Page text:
From Laws Concerning Gifts to the Poor

Author

Maimonides, Moses

Genre

Article/Essay

Overview

Moses Maimonides was a Jewish rabbi, physician, and philosopher born in 1135 in Muslim-ruled Cordoba during the golden age of Jewish culture in Spain. Among his most famous works are the Guide for the Perplexed and the Mishneh Torah, a code of Jewish law from which this selection is taken. In this excerpt, Maimonides gives a concise account of eight different kinds of giving, compelling us to consider what is given, how it is given, when it is given, to whom it is given, and why it is given. His ranking of levels of giving also invites us to think about our own experiences, motivations and criteria for giving. 

Full Text*

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Source

The Civically Engaged Reader, eds. Davis & Lynn, (Great Books Foundation, 2006).

Type

Reading

Themes

Faith and BeliefGiving and ReceivingMoney and WealthMotives and Values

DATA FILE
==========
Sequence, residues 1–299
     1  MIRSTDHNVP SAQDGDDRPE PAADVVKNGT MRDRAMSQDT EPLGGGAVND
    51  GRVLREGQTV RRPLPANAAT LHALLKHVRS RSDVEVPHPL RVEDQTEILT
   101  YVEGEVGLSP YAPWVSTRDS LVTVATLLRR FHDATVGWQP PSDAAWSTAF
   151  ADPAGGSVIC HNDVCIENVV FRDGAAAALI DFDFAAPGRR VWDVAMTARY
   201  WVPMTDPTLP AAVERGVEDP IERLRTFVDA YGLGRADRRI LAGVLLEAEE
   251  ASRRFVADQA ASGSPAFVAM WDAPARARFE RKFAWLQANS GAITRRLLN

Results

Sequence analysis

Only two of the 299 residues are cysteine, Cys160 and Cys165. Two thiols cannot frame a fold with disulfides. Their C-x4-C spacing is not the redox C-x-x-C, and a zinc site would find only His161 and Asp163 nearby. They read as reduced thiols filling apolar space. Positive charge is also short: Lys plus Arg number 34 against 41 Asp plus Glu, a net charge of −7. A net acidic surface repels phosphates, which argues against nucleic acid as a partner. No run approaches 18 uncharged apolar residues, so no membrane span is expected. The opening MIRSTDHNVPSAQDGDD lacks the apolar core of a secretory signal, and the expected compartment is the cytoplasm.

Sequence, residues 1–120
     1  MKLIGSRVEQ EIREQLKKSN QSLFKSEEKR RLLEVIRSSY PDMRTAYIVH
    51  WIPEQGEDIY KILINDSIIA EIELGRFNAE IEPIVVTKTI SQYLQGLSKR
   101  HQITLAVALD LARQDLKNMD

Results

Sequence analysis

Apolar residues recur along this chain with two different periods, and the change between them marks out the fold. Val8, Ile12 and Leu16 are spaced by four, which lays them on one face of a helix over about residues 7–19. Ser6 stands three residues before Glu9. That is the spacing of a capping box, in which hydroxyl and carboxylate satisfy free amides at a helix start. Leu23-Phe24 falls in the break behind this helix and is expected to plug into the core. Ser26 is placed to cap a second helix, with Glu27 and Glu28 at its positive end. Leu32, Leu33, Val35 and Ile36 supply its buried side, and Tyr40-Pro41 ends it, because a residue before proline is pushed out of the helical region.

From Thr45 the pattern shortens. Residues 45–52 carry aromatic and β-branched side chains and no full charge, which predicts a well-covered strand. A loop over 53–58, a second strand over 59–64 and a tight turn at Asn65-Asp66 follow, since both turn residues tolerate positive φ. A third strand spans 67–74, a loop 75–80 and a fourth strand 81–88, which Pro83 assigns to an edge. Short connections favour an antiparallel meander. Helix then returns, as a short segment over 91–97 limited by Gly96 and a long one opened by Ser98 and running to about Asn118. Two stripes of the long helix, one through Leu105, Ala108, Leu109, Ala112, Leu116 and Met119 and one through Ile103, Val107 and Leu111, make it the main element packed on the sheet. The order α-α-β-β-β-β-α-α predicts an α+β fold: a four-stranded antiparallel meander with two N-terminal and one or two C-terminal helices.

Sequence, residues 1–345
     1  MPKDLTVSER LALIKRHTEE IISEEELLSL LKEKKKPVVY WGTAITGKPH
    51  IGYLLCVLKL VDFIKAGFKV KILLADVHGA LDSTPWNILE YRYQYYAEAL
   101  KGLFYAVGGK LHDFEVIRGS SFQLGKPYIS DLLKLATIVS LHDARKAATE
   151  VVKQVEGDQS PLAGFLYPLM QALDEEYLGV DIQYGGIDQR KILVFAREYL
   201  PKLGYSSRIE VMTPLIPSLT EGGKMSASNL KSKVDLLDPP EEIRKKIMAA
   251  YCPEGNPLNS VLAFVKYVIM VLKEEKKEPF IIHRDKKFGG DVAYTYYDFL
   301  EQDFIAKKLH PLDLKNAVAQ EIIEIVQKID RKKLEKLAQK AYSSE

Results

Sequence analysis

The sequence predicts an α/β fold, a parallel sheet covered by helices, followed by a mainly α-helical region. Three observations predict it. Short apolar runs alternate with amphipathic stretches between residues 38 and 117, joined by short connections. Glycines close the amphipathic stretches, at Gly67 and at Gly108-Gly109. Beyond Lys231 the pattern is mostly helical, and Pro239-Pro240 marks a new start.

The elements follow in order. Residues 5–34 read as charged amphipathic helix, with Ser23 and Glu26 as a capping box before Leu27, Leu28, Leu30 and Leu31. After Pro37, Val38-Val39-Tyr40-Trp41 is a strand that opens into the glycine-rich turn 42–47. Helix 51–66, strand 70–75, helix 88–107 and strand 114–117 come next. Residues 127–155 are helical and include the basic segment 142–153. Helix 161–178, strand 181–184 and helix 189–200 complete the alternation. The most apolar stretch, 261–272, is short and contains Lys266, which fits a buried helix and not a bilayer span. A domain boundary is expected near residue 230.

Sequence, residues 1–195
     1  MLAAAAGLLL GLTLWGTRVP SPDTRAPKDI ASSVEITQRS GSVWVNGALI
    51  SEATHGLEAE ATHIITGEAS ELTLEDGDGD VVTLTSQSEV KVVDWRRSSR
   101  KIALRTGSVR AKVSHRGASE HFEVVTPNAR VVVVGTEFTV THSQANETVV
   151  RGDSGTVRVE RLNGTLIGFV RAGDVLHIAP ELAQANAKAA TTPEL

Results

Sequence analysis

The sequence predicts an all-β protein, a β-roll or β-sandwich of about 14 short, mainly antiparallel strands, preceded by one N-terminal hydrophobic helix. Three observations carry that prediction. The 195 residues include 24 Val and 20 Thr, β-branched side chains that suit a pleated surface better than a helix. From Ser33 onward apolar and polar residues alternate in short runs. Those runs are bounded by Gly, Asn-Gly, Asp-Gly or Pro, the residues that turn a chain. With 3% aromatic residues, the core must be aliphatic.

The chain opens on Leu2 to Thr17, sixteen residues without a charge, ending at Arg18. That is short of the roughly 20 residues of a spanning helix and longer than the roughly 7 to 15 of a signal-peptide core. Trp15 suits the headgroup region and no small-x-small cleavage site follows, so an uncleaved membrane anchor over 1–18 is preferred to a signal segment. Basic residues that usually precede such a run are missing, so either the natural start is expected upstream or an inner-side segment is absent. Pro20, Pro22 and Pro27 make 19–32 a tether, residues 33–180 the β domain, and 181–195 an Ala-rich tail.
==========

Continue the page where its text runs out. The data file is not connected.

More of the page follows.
Big Questions

What makes a good gift?What do those with more owe to those with less?Where do our values come from? Why do we care about what we care about?

Publication

Civically Engaged Reader

Sample Discussion Questions

  1. Describe the kind of giving first described by Maimonides in your own words. What makes it superior to the other seven?
  2. Why does Maimonides think that it is a higher level of giving when both the giver and receiver are unknown to each other than when just one or the other is unknown?
  3. Why does Maimonides call these “degrees” of giving rather than stages or steps, as we often hear them described?
  4. What reasons does Maimonides give for the order of the degrees? Do you think they are in the proper order? Would you switch any of them around?
  5. What do you make of the level that Maimonides describes as “he who gives the poor man less than what is proper but with a friendly countenance?” Does this image resonate with you?
  6. Is it wrong, or just a lesser good, to give “with a frowning countenance”?
  7. Is it fair to compare different levels of giving? Do you buy that some kinds of giving are better than others?
  8. Which of these degrees of charity best describes your giving practices?
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